Wynette was called the First Lady of Country Music, and her best-known song, “Stand by Your Man”, was one of the best-selling hit singles by a woman in the history of country music. Many of her hits dealt with classic themes of loneliness, divorce, and the difficulties of man-woman relationships. During the late 1960s and early 1970s, Wynette charted 23 #1 songs. Along with Loretta Lynn and Dolly Parton, she is credited with having defined the role of women in country music during the 1970s.
Born Virginia Wynette Pugh on May 5, 1942, on a cotton farm in Itawamba County, Mississippi, Tammy spent her youth picking cotton, working as a beautician, a waitress, and a shoe-factory employee before her rise to stardom.
By the age of seven, Tammy was working the cotton fields along with other relatives on the family farm. Her father’s legacy – a piano, a guitar and the dream that his daughter would make music her life. Years later, Tammy would still keep a crystal bowl full of cotton in her home to remind her of these meager beginnings.
As a teenage bride, she found times even harder than she’d known at home. She had two children within three years and her husband, an itinerant construction worker, was unemployed more often than not. They were finally forced to move into an abandoned log house with no indoor plumbing.
Fed up with poverty and worn out from the drudgery of her life, Tammy enrolled in beauty school in nearby Tupelo, funding her schooling with money given to her by her mother. (Never believing her own hype, Tammy kept her beautician’s license up to date regularly noting “she could always go back to hairdressing.”)
After becoming a beautician, Tammy moved to Birmingham, Alabama, where she gave birth to a third daughter, a 1 lb. 8 oz. premature baby who suffered a near-fatal bout with spinal meningitis before she was four months old. Her shaky marriage crumbled, and while getting a divorce she worked 10 hour days as a hairdresser, after getting up at 4 a.m. each day to sing on the local Country Boy Eddie TV show.
Beginning in 1965 she began making regular trips to Nashville meeting producers and trying to attain a recording contract. In 1966, after months of rejections and on the brink of giving up, she made the daring decision to move to Nashville anyway. She had no job, no place to live, and three small children totally dependent on her.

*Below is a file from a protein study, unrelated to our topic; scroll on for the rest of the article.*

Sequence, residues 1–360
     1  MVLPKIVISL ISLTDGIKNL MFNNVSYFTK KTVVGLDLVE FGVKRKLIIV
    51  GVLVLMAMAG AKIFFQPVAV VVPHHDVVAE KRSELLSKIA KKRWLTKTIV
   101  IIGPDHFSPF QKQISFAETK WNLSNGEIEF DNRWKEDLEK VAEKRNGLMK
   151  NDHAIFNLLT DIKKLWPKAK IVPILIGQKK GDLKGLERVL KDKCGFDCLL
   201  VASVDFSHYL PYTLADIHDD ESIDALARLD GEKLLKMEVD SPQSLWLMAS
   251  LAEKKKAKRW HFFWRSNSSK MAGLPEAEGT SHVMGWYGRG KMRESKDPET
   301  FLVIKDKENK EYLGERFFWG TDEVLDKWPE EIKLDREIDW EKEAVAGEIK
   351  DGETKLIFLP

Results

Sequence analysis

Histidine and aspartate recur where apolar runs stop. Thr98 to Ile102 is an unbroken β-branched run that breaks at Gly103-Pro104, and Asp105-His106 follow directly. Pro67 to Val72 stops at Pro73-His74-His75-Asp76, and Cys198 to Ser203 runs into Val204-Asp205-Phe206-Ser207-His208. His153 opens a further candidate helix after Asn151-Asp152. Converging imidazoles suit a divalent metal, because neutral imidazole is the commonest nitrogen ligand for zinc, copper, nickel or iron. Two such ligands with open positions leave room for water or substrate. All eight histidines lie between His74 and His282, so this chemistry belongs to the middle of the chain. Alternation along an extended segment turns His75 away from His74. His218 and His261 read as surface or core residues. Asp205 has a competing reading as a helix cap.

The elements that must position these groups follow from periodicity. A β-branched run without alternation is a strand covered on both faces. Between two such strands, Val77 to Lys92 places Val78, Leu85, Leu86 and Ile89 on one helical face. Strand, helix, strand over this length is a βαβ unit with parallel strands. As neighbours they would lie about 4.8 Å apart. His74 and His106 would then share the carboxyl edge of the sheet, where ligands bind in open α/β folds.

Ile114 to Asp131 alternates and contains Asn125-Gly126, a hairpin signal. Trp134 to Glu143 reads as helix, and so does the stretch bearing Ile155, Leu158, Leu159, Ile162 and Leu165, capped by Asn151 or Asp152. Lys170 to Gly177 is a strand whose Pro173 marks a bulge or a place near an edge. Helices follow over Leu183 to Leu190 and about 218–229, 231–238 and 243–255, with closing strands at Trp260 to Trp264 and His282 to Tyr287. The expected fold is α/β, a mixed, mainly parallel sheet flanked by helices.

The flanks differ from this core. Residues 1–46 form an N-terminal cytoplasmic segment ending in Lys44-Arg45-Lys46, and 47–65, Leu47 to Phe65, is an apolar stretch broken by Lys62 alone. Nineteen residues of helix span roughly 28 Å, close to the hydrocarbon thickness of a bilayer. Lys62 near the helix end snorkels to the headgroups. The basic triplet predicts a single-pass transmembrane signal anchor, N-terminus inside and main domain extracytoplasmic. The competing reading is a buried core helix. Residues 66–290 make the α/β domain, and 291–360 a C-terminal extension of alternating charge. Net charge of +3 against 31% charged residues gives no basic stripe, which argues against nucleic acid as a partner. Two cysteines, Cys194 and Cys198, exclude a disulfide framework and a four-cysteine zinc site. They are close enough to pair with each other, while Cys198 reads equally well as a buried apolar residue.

She eventually auditioned for Epic records producer Billy Sherrill who signed her and changed her stage name to Tammy. Her first single, “Apartment #9,” was released within weeks, hitting the charts almost as soon as it hit the record racks. Her next 11 albums went to #1 and within four short years, Tammy had won two Grammys and three CMA Female Vocalist of the Year awards.
No other female country singer conveyed the emotion of heartbreak like Tammy Wynette. She endeared herself to millions by singing about topics of everyday life – divorce, loneliness, parenting, passion. Her tearful singing style was the voice of every heartbreak a woman has ever known. Perhaps it’s that Tammy herself lived through such tumultuous times that she could convey the emotion of such weighty topics.
Like her career, Tammy’s personal life filled the papers. In 1968 she married her idol, George Jones, creating a union that captured the imaginations of country music fans like no other couple before them. For the next seven years, they lived, sang, wrote, recorded and performed in a romantic, stormy and much-publicized relationship that ultimately brought Tammy more headlines than happiness. Jones’ drinking sprees were almost as legendary as his music, and it was this problem that eventually destroyed the marriage. They had one child, Tamala Georgette, born in 1970.
On July 6, 1978, she finally found lasting happiness when she married her longtime friend, George Richey. The well-known songwriter had co-written several of Tammy’s chart-toppers and produced hits for Tammy and many other artists.
Throughout the next two decades, Tammy suffered a variety of health problems and underwent several operations. Still, she managed to rise to the top of the international charts once again when she teamed with British pop act KLF to create the dance hit “Justified and Ancient.” She continued her streak when she joined forces with Dolly Parton and Loretta Lynn on their landmark album, Honky Tonk Angels.
Eventually, her poor health caught up to her. Tammy passed away in her sleep at her home in Nashville, Tennessee on Monday, April 6, 1998. Three days later fans and members of the music industry honored her with a world-wide televised memorial service broadcast from Nashville’s Ryman Auditorium. Later that year, Wynette was elected into the Country Music Hall of Fame.